Rotational grazing systems can help maximize soil health and pasture productivity, but are hard to implement due to labour shortages and infrastructure costs. To help farmers overcome these challenges, researchers at the Technology Access Centre for Livestock Production (TACLP) at Olds College of Agriculture & Technology performed a test in August 2022 with a virtual fencing system to understand how beef cattle respond to the technology.

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Exploring Nofence Collars: Livestock Research

Rotational grazing systems can help maximize soil health and pasture productivity, but are hard to implement due to labour shortages and infrastructure costs. To help farmers overcome these challenges, researchers at the Technology Access Centre for Livestock Production (TACLP) at Olds College of Agriculture & Technology performed a test in August 2022 with a virtual fencing system to understand how beef cattle respond to the technology.

The study provided preliminary information on the functionality of the Nofence© collar, an animal-friendly novel virtual fence technology that allows producers to remotely contain and control grazing cattle by using audio cues and electric stimuli from collars instead of physical fences. While Nofence© has been tested in some countries, this was one of the first trials using this technology to manage cattle in Alberta conditions.

During the test, the TACLP used a total of eight Angus crossbred heifers aged 18 months from the College herd and with no prior experience with a virtual fencing system. Half the herd (four animals) were fit with Nofence© collars. Researchers regularly monitored the animals in the field and the activities of the animals using the Nofence© mobile app. 

From performing this initial test, TACLP researchers observed animals were quick to learn how the system works and how to respond to the audio cues and electric stimuli (electrical pulse between 1 to 3 kV for one second). It also appeared that by using collars on only half the herd, the team was able to control the whole herd. Researchers also found the GPS accuracy and cell connectivity works well with the Nofence© collars. The TACLP is planning to conduct more comprehensive trials on virtual fencing once additional collars arrive at the College in larger areas and with a larger amount of cattle wearing the collars. Researchers also want to observe using the collars in different seasons under a variety of outdoor temperatures.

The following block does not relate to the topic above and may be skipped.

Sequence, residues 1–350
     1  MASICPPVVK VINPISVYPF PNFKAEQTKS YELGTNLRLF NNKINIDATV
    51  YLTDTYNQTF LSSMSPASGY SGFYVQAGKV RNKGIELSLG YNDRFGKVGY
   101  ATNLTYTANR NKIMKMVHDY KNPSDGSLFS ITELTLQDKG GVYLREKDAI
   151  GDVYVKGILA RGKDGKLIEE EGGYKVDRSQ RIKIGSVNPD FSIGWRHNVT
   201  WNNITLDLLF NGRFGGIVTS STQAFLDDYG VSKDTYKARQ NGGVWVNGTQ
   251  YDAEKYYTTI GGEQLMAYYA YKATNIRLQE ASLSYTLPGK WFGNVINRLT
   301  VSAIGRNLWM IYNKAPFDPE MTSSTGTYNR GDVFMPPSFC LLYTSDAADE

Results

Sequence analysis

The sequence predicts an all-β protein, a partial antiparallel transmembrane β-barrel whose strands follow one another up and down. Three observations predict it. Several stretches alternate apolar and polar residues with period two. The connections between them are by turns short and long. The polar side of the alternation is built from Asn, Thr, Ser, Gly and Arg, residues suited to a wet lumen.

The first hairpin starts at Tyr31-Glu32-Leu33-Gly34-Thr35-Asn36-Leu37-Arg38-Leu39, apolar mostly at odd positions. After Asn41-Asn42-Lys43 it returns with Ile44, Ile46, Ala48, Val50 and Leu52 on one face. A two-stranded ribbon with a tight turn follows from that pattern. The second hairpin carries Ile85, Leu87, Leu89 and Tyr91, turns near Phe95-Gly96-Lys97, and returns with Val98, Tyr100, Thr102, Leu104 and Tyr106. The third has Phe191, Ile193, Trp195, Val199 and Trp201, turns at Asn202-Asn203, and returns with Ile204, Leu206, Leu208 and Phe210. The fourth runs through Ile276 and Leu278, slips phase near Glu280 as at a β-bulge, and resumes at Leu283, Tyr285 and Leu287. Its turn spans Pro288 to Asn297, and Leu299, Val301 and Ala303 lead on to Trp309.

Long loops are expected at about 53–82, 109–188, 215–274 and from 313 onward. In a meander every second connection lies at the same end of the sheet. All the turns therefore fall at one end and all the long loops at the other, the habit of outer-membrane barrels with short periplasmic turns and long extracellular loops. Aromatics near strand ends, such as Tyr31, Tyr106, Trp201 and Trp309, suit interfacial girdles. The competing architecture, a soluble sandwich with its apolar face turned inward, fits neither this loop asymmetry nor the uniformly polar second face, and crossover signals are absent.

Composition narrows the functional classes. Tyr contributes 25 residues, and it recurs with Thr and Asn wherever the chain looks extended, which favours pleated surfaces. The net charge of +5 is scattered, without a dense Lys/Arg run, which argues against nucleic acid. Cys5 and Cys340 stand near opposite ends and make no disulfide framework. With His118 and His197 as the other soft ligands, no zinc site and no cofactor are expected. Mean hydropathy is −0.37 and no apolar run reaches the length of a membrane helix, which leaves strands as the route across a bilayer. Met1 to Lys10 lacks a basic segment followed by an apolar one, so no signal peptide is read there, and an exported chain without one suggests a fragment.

Pictured above: Screenshots from the Nofence© mobile app.

Benefits of virtual fencing for ranchers can include:

  • Changing the location of livestock without much effort (less labour intensive)  — especially on larger lands.

  • Being able to graze cattle in locations that are difficult to fence due to hills and varying geography, including crown land leased by producers. 

  • Saving money on fencing. In some cases, the collars are less expensive than installing fencing (due to recent increases of lumber prices).

  • Eliminating fencing issues for wildlife conservation.

  • Excluding cattle from areas with management concerns more easily.

  • Preventing overgrazing, implementing rotational grazing and increasing carbon sequestration - leading to potential carbon credits for producers.

Visit oldscollege.ca/TACLP to continue learning about virtual fencing on the Smart Farm as the TACLP continues to move forward with its research.